Wh Questions

What’s the importance of asking a question? Why do we need to ask questions to people? When is the best time to ask a question? Where do we usually ask questions? Who do we often ask questions to?

All of these are wonderful questions when we look at the context of questions. Here is a breakdown/review of the major indicators we use for questions:

1. Who:

Use “who” when you want to ask about a person or people.

Example: “Who is your teacher?”

2. What:

Use “what” when you want to ask about things, objects, actions, or activities.

Example: “What is your favorite color?”

3. Where:

Use “where” when you want to ask about a place or location.

Example: “Where do you live?”

4. When:

Use “when” when you want to ask about a specific time or moment.

Example: “When is your birthday?”

5. Why:

Use “why” when you want to ask for the reason or cause behind something.

Example: “Why are you late?”

Now, here are some quick activities you can do to refresh and practice your knowledge on questions and how to use them:

Asking Questions Quizz 1

 Fill in the Blank the following sentences:


Asking Questions Quizz 2

Multiple choice! Choose the right option among these 5:

Adjectives that end in ED vs those that end in ING

Today you will learn all about the differences between adjectives that end in ED versus ING in the English language.

Look at the following two examples to understand more clearly what I’m talking about:
– I am really excited to go to the movies this evening!
– This movie is a thriller. It is very exciting.

Can you see the difference? While both sentences use the same base word in the adjective, changing the ending of the adjective from ED to ING also changes the meaning of the adjective slightly.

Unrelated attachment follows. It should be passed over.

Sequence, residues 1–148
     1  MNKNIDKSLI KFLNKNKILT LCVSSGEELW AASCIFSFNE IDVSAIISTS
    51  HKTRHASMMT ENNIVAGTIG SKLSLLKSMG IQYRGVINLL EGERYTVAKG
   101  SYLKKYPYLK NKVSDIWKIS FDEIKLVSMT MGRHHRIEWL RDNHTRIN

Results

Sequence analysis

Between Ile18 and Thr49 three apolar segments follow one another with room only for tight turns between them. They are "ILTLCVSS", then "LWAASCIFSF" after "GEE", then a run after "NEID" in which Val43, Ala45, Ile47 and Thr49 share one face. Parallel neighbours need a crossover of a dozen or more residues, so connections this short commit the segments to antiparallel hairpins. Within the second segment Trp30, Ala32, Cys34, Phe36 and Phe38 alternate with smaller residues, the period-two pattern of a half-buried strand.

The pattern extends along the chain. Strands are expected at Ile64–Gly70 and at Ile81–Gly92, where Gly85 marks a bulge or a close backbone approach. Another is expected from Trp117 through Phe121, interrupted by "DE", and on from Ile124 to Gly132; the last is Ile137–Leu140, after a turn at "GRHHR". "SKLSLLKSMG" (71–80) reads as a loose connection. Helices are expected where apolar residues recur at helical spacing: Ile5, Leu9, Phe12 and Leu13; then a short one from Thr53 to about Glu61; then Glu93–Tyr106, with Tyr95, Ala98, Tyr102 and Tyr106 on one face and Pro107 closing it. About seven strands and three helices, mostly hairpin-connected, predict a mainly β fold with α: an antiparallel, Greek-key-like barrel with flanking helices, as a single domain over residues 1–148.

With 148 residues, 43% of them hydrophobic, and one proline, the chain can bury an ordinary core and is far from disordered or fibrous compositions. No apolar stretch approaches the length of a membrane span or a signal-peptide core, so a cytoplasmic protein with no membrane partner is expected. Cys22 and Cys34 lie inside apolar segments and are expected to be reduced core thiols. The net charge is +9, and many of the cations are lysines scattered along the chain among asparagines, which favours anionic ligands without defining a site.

We typically use adjectives ending in ED to describe feelings or emotions.

Here are some examples:

– My sister is very interested in studying medicine.
– In math class I easily become confused.
– After work, I get so tired.

Contrastingly, we use adjectives ending in ING to describe the characteristics of situations or things. That is to say, the things or people that make you feel a certain way.

For example:

– This book is so boring, I am not interested at all!
– I feel bored when I read this book.
– The ending of the book was very surprising! I did not expect things to conclude like that.
– I was surprised by the ending.
– Horror movies are very frightening, I cannot watch them alone.
– Horror movies make me feel frightened.

ING adjectives can also be used for people but be aware that it changes the meaning of what you are trying to say quite a bit!

Here is an example:
– Laura is very boring. (This sentence means, I do not find Laura interesting)
– Laura is bored. (This sentence means Laura is not interested in something!)

Adjectives that end in ED vs those that end in ING - Quiz

Let’s practice putting the difference into use! Try and choose between ING or ED for the following adjectives based on their context.

 

The Difference Between its and it’s

Finding the difference between its and it’s is a common very common challenge, even for English speakers.  But here’s an exercise and lesson that will help guide you through the process of using its versus it’s:

Its: Without the apostrophe, this word is a possessive pronoun, his or her, for objects/things without gender.

 

  • The word its is often used in reference to something owned by a person or thing previously mentioned in the sentence, such as:
  • The table made a sound in its legs when he put his plate down.

The word its can also be used in reference to a noun without a defined gender.   Choose its when you want to give something ownership, for example:

  • My mom yelled when the dog spilled its water bowl.

 

It’s: With an apostrophe, this word is a contraction, meaning it is or is has

 

  • It’s, happens to be a contraction meaning it is or it has.

 

  • It’s been two hours since he texted me back
  • It’s the relationship that I have with my students that really makes me happy

 

All in all, this process can be tricky, but with practice and reading, you will be on your merry way to mastering these two words.

 

It’s about time you figure out how to find the difference between it’s and its!  I know you can do it, even if your brain has its bad and good days.  Here are some exercises to help:

 

Difference Between its and it’s quiz

Fill in the blank for the following sentences: